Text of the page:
In a 403(b), while you are working and making contributions, you are doing the accumulation phase of your annuity. Once you retire, and meet the age requirement, you may, if you choose, begin the payout phase of the annuity by annuitizing your investment. However you do not have to annuitize.
Remember, I am not a licensed financial planner so be sure you review all your options with a certified financial planner before you make any decisions.
Let's say you choose not to annuitize. What options does that give you? Imagine you have done this whole accumulation phase for 30 years and you retire and in your contract, which you signed when you started your 403(b), it probably says that upon retirement, you have the right to take all your money and move it into another qualified plan like an IRA with any company you want. In fact, this is typical for someone who doesn't like the 403(b) choices in their district. They liked the tax-deductible contributions and tax-deferred growth in the 403(b), so although they didn't like paying the fees associated with a variable annuity, they signed up, but they never planned to annuitize. Upon retirement, they transfer the entire lump sum, without penalty, to an IRA at the company of their choosing. Check with each insurance company to find out if they offer this option.
  Another thing to consider is that if you have a 403(b)(7) with a company like Vanguard or Fidelity, you are probably not allowed to directly annuitize your investment. If you wanted an annuity with the money in your 403(b)(7) account, you would have to take out the money, pay all the taxes on the money, and then go to an Insurance Company and purchase an Annuity. Moral to the story, if you know you want an annuity in your later years, you may want to have a 403(b) instead of a 403(b)(7).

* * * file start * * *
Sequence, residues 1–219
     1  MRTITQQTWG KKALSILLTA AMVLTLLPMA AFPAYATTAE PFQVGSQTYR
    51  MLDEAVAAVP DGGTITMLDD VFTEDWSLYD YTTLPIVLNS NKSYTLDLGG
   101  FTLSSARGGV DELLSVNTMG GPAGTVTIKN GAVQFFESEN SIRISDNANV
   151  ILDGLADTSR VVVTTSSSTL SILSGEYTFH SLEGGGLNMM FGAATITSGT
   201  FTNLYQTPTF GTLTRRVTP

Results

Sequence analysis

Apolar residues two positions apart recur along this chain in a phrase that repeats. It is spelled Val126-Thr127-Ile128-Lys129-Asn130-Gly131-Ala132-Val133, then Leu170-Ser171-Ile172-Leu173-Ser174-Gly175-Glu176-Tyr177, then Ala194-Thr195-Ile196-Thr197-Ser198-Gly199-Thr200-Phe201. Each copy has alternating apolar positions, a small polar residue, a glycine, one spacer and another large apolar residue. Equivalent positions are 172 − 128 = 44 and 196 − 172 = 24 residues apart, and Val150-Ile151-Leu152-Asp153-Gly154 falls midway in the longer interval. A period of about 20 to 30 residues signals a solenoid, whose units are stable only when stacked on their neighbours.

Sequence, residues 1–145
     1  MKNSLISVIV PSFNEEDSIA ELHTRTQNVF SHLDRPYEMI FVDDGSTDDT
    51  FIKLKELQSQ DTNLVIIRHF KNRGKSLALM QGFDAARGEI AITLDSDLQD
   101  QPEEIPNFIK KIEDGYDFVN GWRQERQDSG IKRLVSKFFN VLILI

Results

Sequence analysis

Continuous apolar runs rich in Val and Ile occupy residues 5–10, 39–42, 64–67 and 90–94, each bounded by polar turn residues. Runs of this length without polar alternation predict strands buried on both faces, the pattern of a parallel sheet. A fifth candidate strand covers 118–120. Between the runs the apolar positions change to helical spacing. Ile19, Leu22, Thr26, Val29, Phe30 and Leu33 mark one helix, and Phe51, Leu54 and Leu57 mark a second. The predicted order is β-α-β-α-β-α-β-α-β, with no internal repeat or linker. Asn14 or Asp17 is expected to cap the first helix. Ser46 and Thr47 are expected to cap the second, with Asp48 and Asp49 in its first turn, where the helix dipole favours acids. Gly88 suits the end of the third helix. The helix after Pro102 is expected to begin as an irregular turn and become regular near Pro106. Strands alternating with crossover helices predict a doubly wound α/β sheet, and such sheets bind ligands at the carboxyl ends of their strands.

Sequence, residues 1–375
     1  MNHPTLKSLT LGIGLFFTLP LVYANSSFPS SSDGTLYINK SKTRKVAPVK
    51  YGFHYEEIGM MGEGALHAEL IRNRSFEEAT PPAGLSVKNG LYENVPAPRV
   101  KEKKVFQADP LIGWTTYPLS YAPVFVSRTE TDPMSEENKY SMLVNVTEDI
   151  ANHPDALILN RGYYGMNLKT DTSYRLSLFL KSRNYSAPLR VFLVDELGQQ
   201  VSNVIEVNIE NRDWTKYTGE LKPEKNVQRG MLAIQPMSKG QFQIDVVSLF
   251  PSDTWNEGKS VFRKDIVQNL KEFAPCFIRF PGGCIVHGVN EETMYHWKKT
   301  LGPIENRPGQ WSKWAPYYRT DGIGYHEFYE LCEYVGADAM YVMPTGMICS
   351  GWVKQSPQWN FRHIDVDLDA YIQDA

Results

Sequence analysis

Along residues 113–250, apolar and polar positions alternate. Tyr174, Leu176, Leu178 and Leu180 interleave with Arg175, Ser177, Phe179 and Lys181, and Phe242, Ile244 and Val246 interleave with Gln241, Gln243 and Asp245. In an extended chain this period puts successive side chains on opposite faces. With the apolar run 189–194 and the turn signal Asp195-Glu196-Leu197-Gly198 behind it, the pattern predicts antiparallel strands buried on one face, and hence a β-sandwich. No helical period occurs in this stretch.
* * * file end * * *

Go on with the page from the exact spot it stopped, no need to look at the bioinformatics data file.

One final note. In many variable annuities, once you annuitize you can't easily change your mind. Once again assume that when you were 60 years old you had $100,000 that you had converted into a fixed payout annuity over your lifetime. You have been taking monthly payouts of $480 for the last 5 years. You decide that annuitizing wasn't right for you and you want your money back. You will have to pay penalties and you will not get your entire $100,000 back.
  One final thing to think about. You were 60 and annuitized $100,000 in a fixed lifetime payout and collected your first $480 payout. The next month you die. Guess how much of that $100,000 your beneficiary gets. None. That's right, an annuity is basically a gamble for your insurance company. It's not so much a gamble for you because you know you will get your $480 every month but if you die you lose it all. It's a gamble for your Insurance Company because if you life long enough, it is possible that the Insurance Company will pay out more than the $100,000 you gave them.  

Annuities are tricky, but the basics of Variable Annuities are understandable if you are willing to put in the time. Variable Annuities are not my speciality so please just use this information to get you started in asking the right questions to the right people, but hopefully this page has given you a better understanding of how they work and what they are. For more information on Variable Annuities, visit the Securities and Exchange Commission's site by clicking here or talk to some of the Insurance reps in your district.